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Business students play the record market

In partnership with Islington Council, first year business students at the Centre for Business, Arts and Technology have been given the opportunity to gain valuable marketing experience by pitching their marketing ideas for the promotion of Navigator Square’s first Vinyl Market.

Business students play the record market

Islington Council have turned to local colleges to inject youth and vitality into their efforts to support independent small businesses and markets. On May 1, representatives from the Inclusive Economy Team at Islington Council attended a workshop at the centre to explain the vinyl market project and the council’s aims. Students will be expected to develop a logo and a campaign to promote the vinyl market that will take place on Navigator Square, Archway on 30 June. The guest speakers pointed out that vinyl records have seen a 407% sales increase in the last four years, and identified Navigator Square as the perfect venue to host a vinyl market.

“These days, it’s much more convenient to go online and do your shopping. What we’ve found is that successful market stalls thrive on selling unique items and experiences that you can’t get elsewhere. A vinyl pressing has a warmth that you can’t capture as a download, and that presents an opportunity.”

Working in groups, the team with the best logo design and promotion plan will work with the council to put their plan into action. Judging the ideas took place on 15 May, and the winning team will be announced before 25 May. The winning team will receive tickets to a gig at the Islington Assembly Hall (Islington Council’s very own music venue) with all logos submitted being turned into keyrings for students to keep. All students are invited to play a part in the Vinyl Market by running a merchandise stall on the day of the event, Sunday 30 June.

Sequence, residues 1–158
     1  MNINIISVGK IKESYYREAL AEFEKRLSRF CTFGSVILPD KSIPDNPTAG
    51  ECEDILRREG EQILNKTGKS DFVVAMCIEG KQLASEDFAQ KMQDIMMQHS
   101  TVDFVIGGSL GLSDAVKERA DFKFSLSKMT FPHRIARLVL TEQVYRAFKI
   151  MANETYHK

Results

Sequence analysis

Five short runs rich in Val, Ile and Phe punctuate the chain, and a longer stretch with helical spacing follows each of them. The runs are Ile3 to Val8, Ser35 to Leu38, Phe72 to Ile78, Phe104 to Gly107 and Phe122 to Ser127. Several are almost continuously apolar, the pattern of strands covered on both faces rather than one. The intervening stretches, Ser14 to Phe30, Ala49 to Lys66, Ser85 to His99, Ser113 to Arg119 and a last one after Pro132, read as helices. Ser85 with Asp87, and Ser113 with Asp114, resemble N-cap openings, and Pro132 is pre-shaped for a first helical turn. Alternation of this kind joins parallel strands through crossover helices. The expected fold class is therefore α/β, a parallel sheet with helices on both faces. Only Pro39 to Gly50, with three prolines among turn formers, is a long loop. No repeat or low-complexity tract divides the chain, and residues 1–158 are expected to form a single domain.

Market Development Officer Parris Langridge supports the growth of markets in the borough as the Council aims to keep things local and affordable. “We do hope the students take something from this and come along to the market. This project is the idea of colleague, Barry Causton, and we hope to see it continue after the competition. Getting students from creative colleges involved in potentially creating a new market is great.

“It’s a learning process for us, too. I’m taking something back from the students that will help in my work, finding out what’s relevant to them. I see a lot of fresh ideas and a positive attitude, which is nice to see.”

Business lecturer Maxine French said: “The students have enjoyed working on it. It’s brought out their creative sides. They have the opportunity to design think through a project from concept to implementation. The fact that it’s a competition and with the possibility to win and have their logo made is getting them to work well together in teams.”

The project follows a move to include vocational activity in all business assessments at the Centre for Business, Arts and Technology as the college cements existing relationships with local enterprises. Business students recently benefitted from pitching practice with the London Village Network and the Big Alliance, based at the centre. Ten students also had the opportunity to work with Nationwide and creative agency VCCP on an Ideas Foundation sponsored marketing project.


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